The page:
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The Appalachian Basin Marcellus Gas Play: Its History of Development, Geologic Controls on Production, and Future Potential as a World-class Reservoir
William A. Zagorski,1 Gregory R. Wrightstone,2 Douglas C. Bowman3
1Range Resources Corporation, Canonsburg, Pennsylvania, U.S.A.
2Mountaineer Keystone, LLC, Pittsburgh, Pennsylvania, U.S.A.
3Range Resources Corporation, Canonsburg, Pennsylvania, U.S.A.
We thank the senior management departments of Range Resources Corporation and Texas Keystone, Inc., for their support and permission to publish. We thank John Breyer, Erin Roehrig, Martin Emery, Gary Lash, Chris Laughrey, Jim Pancake, and Casey Patterson for their insightful comments and suggestions during various stages of manuscript and figure preparation and review. We also thank Jeffery L. Ventura, Mark D. Whitely, and Ray N. Walker of Range Resources Corporation for their long-term vision and consistent encouragement in unlocking and understanding the Marcellus Shale play.
The Middle Devonian Marcellus Shale play is rapidly evolving into a major shale-gas target in North America with the potential to rival or exceed other established shale plays in terms of production rates, economic potential, and total extent. The Marcellus Shale is one of the largest shale plays in North America, with a potentially prospective area of approximately 114,000 km2 (44,000 mi2). Based on industry drilling trends and reported test rates, two major core areas have emerged, each with its unique combination of controlling geologic factors. The reserve potential for the play is enormous, with estimates ranging from 50 tcf to more than 500 tcf, defining the Marcellus Shale as a major world-class hydrocarbon accumulation.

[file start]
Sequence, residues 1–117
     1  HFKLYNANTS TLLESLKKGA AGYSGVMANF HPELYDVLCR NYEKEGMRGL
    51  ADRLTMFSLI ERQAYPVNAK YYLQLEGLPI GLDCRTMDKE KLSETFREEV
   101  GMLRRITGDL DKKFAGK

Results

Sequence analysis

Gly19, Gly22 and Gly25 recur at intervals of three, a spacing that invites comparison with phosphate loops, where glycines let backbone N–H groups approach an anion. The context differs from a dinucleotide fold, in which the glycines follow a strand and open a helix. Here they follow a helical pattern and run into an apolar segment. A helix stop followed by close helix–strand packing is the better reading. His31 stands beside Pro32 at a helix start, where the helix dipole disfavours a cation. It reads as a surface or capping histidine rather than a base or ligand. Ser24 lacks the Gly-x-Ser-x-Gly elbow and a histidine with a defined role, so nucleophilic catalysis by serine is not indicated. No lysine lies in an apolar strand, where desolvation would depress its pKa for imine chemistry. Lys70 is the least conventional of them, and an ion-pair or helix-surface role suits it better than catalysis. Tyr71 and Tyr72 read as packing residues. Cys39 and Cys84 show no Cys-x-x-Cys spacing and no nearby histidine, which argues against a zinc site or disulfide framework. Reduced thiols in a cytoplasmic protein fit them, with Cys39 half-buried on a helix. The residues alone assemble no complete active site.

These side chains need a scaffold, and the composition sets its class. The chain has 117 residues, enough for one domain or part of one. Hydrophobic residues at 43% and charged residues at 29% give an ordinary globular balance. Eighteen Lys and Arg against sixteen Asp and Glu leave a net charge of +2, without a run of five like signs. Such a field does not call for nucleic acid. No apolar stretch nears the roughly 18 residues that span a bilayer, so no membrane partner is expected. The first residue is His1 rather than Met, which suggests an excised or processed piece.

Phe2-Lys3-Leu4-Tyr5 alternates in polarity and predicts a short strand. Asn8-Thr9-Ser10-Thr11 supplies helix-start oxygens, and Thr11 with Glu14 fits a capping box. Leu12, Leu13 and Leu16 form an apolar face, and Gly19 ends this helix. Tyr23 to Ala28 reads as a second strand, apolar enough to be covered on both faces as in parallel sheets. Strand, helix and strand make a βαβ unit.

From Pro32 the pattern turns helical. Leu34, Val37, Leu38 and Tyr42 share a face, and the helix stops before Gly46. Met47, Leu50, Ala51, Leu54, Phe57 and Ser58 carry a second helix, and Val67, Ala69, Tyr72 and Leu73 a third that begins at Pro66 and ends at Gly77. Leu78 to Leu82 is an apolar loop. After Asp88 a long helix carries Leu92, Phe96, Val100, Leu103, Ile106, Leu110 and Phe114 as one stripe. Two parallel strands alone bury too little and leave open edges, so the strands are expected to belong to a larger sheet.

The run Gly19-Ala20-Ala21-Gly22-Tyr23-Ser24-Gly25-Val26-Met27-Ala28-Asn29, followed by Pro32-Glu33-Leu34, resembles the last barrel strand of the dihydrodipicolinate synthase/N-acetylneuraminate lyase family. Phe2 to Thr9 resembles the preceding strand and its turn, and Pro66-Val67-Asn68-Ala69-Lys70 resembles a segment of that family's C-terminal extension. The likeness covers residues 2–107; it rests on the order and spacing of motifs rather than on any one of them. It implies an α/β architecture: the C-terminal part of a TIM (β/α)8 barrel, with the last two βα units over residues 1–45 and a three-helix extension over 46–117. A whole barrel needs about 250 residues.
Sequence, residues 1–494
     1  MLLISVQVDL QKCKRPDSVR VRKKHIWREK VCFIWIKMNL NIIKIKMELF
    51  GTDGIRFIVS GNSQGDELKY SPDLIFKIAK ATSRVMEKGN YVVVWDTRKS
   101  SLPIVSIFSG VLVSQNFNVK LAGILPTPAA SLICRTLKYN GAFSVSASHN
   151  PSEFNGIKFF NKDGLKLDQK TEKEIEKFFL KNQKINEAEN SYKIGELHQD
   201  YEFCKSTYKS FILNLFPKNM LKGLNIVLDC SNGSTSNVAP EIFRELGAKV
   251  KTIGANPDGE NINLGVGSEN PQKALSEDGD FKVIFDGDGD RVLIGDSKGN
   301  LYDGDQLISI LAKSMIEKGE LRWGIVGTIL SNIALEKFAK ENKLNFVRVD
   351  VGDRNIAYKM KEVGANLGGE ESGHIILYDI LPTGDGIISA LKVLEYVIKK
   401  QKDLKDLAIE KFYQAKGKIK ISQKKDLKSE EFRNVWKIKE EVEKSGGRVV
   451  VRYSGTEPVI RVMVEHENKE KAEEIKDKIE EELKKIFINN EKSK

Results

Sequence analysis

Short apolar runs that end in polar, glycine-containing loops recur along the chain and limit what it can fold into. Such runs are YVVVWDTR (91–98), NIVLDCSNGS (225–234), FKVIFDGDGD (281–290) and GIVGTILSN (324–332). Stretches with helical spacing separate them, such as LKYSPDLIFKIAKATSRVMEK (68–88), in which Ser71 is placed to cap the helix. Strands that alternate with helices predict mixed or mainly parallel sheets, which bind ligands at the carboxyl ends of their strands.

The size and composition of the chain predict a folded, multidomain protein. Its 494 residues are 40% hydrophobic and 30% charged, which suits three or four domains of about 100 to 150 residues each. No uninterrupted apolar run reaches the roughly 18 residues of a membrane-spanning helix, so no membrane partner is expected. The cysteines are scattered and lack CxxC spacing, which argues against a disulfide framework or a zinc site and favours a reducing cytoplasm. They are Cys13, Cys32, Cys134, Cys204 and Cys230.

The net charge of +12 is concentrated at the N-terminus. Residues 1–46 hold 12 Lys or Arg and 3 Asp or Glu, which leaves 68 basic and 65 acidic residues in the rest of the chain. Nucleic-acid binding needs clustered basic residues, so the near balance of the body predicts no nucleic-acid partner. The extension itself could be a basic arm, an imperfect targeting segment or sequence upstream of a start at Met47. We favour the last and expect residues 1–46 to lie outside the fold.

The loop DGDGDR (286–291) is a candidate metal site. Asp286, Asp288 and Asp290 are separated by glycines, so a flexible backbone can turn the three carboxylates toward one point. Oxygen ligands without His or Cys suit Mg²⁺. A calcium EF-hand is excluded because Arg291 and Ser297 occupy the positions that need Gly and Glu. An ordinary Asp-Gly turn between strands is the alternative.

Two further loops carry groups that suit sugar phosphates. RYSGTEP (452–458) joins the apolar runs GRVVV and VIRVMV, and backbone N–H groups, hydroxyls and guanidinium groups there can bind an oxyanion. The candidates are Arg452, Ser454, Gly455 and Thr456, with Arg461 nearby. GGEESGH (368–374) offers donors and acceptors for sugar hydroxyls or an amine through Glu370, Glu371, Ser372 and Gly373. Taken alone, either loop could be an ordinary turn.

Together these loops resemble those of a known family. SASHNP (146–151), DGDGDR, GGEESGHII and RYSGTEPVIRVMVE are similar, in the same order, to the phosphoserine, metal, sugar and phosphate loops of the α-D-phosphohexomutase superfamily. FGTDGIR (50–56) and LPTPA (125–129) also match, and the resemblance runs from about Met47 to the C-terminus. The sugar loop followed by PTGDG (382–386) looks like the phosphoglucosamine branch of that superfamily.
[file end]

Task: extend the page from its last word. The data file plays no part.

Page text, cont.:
The organic-rich black shales of the Marcellus Shale were deposited in a foreland basin roughly paralleling the present-day structural front. The Marcellus Shale accumulated in an environment highly conducive to the production, deposition, and preservation of the organic-rich sediments.
Key geologic and technical factors defining the Marcellus Shale play are similar to other shale-gas plays and include thermal maturity, reservoir pressure, play thickness, porosity, permeability, gas in place, the role of natural fracturing, mineralogy, depth, structural style, target landing issues, and the ability to be fractured. One key factor is reservoir pressure, as the Marcellus Shale benefits from a significant overpressured profile in the most prospective areas. The classification of structural setting and style is critical for the identification of natural fracture trends and potential geologic hazards that include faulting and fracturing in structurally complex areas.
Since 2004, coinciding with the initial Marcellus discovery in Washington County, Pennsylvania, more than 7100 Marcellus wells have been permitted or drilled through June 2010 in the Appalachian Basin, and activity is expected to escalate during the next several years. Reported initial production rates for vertical wells range from 0.100 to more than 5.0 million cubic feet (gas) per day (mmcfpd) and from 0.300 to more than 26.000 million cubic feet (gas equivalents) per day (mmcfepd) for horizontal completions. Although the play is still in its infancy, reported production rates and reserves compare very favorably with other established North American shale plays.
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